Nothing: Part 19

“Imagining Disenchantment” – that was the title of a poem I had written when I was trying my hand at poetry. This was several years ago. Poetry didn’t flow out of me, I wasn’t meant to be a poet. I wrote it before I realized that I could say everything I wanted to say in my own plodding and prosaic way. Needless to say, that poem invited some ridicule from a poet whose works I admire, you can guess who the poet might be. He wanted to know why someone would want to “imagine” disenchantment.

I thought he had a point and was convinced about the meaninglessness of my poem.

Here’s how the interaction went, starting with my juvenile attempt at poetry:
Have I ever really cared
or am I simply pretending?
Is this heartfelt sincerity
or am I expertly dissembling?

Is my extreme apathy
cloaked in sympathy?
Or have you struck chords-
could this be empathy?

Drowning in shallow depths,
Spouting meaningless sophistry,
Disguising my disinterest,
In cultivated airs of mystery,

Showing outrage and anger
at every disagreeing view:
utterances that barely linger,
outside of a moment or two.

No lasting impressions to leave,
none were ever left on me.
Just breathing, taking up space-
waiting, certain
it will all cease to be.

His response was:

This is entirely unnecessary
(and what I say is not profound):
why revel in imagined misery
when there’s so much of the real thing around?


Ever keen on having the last word, I added:

Imagined misery, an inherited gene,
Living in the moment, a distant dream.
A safety valve, more or less,
in anticipation of an unholy mess!

And after five years, to the day, this interaction is still memorable to me, revived after some recent events.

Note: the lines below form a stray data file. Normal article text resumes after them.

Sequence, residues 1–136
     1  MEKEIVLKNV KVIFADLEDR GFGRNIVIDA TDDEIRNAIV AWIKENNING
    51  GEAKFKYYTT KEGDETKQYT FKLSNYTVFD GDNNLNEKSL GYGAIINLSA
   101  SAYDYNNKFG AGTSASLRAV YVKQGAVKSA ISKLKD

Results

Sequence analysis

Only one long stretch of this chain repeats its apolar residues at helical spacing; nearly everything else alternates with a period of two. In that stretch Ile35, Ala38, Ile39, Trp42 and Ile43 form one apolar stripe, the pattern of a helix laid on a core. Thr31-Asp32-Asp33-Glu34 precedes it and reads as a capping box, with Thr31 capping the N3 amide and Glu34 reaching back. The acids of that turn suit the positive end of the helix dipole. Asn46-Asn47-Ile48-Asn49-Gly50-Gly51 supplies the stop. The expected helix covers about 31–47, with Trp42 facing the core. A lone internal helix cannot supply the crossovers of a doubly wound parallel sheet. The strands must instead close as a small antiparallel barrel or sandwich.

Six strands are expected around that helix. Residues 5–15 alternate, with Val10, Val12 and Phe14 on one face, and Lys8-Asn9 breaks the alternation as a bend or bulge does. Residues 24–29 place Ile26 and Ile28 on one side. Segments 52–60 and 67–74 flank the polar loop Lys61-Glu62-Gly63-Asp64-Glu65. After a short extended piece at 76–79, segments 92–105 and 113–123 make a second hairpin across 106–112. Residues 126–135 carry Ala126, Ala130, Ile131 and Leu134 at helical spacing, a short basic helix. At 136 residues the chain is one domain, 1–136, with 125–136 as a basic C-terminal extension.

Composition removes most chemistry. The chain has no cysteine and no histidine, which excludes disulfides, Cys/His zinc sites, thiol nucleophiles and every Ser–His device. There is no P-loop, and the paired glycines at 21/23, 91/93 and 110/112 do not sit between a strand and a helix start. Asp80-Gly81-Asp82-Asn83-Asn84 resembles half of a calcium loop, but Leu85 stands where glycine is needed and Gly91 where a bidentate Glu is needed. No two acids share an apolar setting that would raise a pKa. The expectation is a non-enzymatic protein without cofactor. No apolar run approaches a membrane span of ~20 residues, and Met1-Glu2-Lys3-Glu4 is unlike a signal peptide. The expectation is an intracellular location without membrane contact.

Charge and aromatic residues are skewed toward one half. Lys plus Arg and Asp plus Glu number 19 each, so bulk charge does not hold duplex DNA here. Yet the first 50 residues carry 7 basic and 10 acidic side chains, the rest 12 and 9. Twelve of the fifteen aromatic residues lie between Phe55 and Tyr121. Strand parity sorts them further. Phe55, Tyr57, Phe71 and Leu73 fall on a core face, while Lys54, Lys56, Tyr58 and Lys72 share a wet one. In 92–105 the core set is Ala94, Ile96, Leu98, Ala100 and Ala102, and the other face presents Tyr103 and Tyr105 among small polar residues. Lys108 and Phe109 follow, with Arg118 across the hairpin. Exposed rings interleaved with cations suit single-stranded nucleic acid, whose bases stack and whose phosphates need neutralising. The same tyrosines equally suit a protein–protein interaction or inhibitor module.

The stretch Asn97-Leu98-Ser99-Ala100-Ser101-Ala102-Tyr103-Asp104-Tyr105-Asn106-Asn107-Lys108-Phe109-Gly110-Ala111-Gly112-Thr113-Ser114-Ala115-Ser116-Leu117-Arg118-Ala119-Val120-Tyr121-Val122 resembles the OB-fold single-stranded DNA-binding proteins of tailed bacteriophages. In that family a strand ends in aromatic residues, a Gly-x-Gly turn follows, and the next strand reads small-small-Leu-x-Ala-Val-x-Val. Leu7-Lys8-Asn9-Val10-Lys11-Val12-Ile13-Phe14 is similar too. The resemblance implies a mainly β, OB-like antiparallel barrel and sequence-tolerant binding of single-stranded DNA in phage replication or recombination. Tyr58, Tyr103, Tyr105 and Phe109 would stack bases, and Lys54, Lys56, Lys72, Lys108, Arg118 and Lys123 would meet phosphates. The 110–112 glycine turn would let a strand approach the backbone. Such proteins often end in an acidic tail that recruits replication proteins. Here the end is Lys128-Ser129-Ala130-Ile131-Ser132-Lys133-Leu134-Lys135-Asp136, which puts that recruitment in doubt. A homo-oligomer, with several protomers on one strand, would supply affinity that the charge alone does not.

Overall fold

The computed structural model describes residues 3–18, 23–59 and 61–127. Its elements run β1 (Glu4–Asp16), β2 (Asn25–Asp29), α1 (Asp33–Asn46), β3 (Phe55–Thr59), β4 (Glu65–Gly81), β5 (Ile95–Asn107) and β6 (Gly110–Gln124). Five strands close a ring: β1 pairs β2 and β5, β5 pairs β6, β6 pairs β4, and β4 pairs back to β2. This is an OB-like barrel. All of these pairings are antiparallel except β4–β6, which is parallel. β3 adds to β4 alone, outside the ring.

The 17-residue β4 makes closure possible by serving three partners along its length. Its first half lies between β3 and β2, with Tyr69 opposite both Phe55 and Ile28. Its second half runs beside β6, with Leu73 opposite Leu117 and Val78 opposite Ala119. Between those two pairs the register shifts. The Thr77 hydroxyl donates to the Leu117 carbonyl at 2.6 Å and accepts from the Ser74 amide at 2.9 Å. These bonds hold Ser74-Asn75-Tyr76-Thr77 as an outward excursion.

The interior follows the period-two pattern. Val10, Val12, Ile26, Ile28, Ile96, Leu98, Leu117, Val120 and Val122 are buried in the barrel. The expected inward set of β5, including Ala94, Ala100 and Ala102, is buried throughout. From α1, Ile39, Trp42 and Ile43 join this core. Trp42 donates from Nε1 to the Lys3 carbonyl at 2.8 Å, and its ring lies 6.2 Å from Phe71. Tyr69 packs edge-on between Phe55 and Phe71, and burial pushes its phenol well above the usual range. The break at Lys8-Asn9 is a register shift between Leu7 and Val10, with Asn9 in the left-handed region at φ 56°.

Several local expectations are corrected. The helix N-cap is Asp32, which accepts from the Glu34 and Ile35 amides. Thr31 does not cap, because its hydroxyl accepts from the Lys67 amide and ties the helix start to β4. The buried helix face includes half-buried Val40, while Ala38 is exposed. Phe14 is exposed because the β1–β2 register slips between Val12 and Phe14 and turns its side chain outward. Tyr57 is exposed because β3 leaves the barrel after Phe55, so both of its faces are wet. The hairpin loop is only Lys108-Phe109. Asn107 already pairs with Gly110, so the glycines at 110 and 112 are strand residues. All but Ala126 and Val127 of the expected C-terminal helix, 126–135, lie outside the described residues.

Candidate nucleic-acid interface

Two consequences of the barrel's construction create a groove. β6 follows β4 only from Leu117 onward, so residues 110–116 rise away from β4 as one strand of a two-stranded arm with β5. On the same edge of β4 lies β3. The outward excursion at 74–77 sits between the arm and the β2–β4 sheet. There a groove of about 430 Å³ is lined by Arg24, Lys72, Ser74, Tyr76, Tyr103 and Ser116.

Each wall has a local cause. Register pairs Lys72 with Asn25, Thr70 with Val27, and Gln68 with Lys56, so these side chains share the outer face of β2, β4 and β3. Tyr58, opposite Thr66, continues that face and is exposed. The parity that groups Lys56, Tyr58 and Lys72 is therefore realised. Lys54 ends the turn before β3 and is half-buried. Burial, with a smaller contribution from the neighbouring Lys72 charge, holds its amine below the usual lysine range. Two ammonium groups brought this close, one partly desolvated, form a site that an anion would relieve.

There were some tears that left a purple blotch where I was penning my prose. The purple blotch was reflective of rage, of humiliation, of a sense of failure. Even as the blotch grew angrier there was a saner voice inside that insisted on justifiably minimizing the strength of my emotions. It tried to comfort me with a firm hand, by underscoring how blessed I ought to feel relative to so many others. The voice was hard to ignore. Sometimes it resembled the voice of my mother and at others that of a warm and sensitive and increasingly dear friend. It insisted that I was simply imagining the disenchantment again; blaming it on some inherited gene, preparing myself for the dreadful event that I always  do have the will to overcome.

I stopped writing in ink and shut the angry, purple blotch inside the covers of the notebook, put it away for good, traded it for the clinical and sterile whiteness of the computer screen. The words had to be said, the realization needed to be set in stone, in letters that didn’t bleed or drip with salt-stained inkiness.

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